One last point. Although it is tempting to do so, we cannot assume that the median survival ages noted in these studies are typical for these breeds. That’s because this study only included dogs that had not died before 9 ½ years of age and that continued to be cared for in the veterinary practices from which the data were obtained. That was the only way the authors could ensure accurate data. Since many dogs, unfortunately, die before 9 ½ years of age, these data show artificially extended life spans. Darn it! I sure would have loved to know that the median life span of a Golden Retriever was 13.3 to 13.5 years!
Still, the great news about this study is that we do have some control over how long our dogs live. By keeping your dog at a normal weight throughout its life, you can stack the longevity cards in your dog’s favor. If you do, when the day comes that you know it is time to say goodbye, the chances are that your dog is already much older than it would have been had it been overweight. And that’s great news!
1. Salt C, Morris PJ, Wilson D, Lund EM, German AJ. Association between life span and body condition in neutered client-owned dogs. J Vet Intern Med 2019;33:89–99. Read PDF
2. de Godoy MRC. Pancosma Comparative Gut Physiology Symposium: All About Appetite Regulation: Effects of diet and gonadal steroids on appetite regulation and food intake of companion animals. J Anim Sci 2018;96(8):3526–3536.
3. Kealy RD, Lawler DF, Ballam JM, et al. Effects of diet restriction on life span and age-related changes in dogs. J Am Vet Med Assoc 2002;220:1315-1320.
4. Torres de la Riva G, Hart BL, Farver TB, Oberbauer AM, Messam LL, McC, Willits N, Hart LA. Neutering dogs: Effects on joint disorders and cancers in Golden Retrievers. PLoS ONE 2013;8:e55937
5. Hart BL, Hart LA, Thigpen AP, Willits NH. Long-term health Effects of Neutering Dogs: Comparison of Labrador Retrievers with Golden Retrievers. PLoS ONE 2014:9:e102241
6. Zink MC, Farhoody P, Elser SE, Ruffini LD, Gibbons TA, Rieger RH. Evaluation of the risk and age of onset of cancer and behavioral disorders in gonadectomized Vizslas. J Am Vet Med Assoc 2014;244:309-319.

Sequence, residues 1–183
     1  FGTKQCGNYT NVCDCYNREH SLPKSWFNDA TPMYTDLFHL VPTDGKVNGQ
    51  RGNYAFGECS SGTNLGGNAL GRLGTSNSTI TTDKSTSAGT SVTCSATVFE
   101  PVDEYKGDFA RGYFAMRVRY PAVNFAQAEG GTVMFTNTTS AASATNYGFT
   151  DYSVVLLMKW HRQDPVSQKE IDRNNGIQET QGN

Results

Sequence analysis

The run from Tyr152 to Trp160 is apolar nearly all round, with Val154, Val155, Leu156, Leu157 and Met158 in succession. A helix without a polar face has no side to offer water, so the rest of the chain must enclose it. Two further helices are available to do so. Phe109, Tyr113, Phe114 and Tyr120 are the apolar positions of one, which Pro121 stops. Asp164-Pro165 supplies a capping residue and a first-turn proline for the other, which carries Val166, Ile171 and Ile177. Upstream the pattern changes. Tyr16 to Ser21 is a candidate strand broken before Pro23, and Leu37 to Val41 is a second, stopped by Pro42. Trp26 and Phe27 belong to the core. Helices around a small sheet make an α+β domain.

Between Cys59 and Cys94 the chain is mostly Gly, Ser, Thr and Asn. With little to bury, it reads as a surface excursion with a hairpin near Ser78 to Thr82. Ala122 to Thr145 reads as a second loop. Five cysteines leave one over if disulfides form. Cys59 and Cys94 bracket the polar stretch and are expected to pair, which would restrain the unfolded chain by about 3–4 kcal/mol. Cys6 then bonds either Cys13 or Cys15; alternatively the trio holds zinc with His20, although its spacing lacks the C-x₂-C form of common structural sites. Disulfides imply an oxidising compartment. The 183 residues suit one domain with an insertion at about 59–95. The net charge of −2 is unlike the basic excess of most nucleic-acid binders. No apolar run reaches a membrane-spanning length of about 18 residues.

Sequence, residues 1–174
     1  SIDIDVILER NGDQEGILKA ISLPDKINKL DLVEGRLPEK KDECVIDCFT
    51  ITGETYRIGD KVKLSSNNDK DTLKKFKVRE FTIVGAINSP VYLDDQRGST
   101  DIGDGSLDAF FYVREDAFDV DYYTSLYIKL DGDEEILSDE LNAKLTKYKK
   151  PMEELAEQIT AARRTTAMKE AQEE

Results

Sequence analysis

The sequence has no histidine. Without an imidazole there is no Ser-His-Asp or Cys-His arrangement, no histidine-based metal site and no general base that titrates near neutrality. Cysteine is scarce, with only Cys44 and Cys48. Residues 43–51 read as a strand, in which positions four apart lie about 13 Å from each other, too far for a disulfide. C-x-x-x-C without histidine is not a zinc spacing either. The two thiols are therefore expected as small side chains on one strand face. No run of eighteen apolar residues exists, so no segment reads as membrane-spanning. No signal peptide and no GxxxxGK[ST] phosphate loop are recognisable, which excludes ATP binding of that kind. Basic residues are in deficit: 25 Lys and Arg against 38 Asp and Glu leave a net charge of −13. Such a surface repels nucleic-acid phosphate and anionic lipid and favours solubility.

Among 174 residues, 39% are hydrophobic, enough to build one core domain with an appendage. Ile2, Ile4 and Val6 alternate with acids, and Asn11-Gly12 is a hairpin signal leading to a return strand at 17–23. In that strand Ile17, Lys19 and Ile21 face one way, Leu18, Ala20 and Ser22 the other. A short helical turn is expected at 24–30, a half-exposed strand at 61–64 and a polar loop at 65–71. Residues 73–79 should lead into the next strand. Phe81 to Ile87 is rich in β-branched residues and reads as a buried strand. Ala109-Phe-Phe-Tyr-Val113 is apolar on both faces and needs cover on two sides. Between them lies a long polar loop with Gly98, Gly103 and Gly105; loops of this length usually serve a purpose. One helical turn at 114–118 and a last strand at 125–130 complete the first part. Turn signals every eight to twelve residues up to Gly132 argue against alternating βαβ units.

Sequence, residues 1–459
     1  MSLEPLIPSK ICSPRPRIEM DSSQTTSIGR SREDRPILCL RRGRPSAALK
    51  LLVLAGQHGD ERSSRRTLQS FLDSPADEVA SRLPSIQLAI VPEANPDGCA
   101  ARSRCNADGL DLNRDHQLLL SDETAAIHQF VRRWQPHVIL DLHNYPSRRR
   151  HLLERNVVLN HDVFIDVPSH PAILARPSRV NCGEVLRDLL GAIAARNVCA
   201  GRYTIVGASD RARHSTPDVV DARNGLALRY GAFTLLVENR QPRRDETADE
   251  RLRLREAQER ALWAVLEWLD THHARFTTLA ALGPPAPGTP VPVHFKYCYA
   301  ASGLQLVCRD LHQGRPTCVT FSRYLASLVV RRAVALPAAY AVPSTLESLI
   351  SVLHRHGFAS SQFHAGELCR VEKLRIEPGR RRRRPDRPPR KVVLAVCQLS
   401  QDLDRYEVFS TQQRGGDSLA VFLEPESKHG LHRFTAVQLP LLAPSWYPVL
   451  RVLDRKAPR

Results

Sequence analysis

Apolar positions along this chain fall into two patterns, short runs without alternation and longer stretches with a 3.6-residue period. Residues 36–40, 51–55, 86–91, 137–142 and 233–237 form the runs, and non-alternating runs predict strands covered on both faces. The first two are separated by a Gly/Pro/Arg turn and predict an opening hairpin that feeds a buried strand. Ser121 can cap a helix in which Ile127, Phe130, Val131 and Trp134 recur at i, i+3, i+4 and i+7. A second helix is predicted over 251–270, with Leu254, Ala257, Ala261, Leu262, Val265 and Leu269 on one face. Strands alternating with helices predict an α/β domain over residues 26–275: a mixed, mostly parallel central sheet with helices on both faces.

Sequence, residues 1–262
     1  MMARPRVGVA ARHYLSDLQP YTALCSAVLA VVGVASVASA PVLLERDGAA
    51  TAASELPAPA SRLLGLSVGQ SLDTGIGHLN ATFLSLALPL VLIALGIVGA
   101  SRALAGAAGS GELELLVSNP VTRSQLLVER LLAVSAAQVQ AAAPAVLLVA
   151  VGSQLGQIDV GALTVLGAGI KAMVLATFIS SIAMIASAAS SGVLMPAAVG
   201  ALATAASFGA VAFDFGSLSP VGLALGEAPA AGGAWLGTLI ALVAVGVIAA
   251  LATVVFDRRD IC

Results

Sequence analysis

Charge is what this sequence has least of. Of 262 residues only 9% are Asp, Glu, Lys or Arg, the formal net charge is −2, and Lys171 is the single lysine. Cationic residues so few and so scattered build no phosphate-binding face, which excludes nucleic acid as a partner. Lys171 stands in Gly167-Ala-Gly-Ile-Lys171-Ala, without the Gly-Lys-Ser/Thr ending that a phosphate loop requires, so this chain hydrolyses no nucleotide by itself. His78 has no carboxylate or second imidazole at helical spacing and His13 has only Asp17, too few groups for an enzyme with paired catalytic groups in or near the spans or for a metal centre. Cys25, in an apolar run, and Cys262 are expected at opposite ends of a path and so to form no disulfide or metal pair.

7. Hart BL, Hart LA, Thigpen AP, Willits NH. Neutering of German Shepherd Dogs: associated joint disorders, cancers and urinary incontinence. Vet Med Sci 2016;2(3):191–199.
8. German AJ, Ryan VH, German AC, Wood IS, Trayhurn P. Obesity, its associated disorders and the role of inflammatory adipokines in companion animals. Vet J 2010;185:4-9.
9. Lund EM, Armstrong PJ, Kirk CA, Klausner JS. Prevalence and risk factors for obesity in adult dogs from private US veterinary practices. Int J Appl Res Vet Med 2006;4:177-186.
10. German AJ, Hervera M, Hunter L, et al. Improvement in insulin resistance and reduction in plasma inflammatory adipokines after weight loss in obese dogs. Domest Anim Endocrinol 2009;37:214-226.
11. Tvarijonaviciute A, Ceron JJ, Holden SL, et al. Obesity-related metabolic dysfunction in dogs: a comparison with human metabolic syndrome. BMC Vet Res 2012;8:147.
12. Tvarijonaviciute A, Ceron JJ, Holden SL, et al. Effect of weight loss in obese dogs on indicators of renal function or disease. J Vet Intern Med 2013;27:31-38.
13. Mosing M, German AJ, Holden SL, et al. Oxygenation and ventilation characteristics in obese sedated dogs before and after weight loss: a clinical trial. Vet J 2013;198:367-371.
14. Tropf M, Nelson OL, Lee PM, Weng HY. Cardiac and metabolic variables in obese dogs. J Vet Intern Med 2017;31:1000-1007.
15. German AJ, Holden SL, Wiseman-Orr ML, et al. Quality of life is reduced in obese dogs but improves after successful weight loss. Vet J 2012;192:428-434.
16. Bomberg E, Birch L, Endenburg E, et al. The financial costs, behaviour and psychology of obesity: a one health analysis. J Comp Pathol 2017; 156:310-325.
CHRIS ZINK DVM PhD DACVP DACVSMR CCRT CVSMT CVA is one of the world’s top canine sports medicine and rehabilitation veterinarians.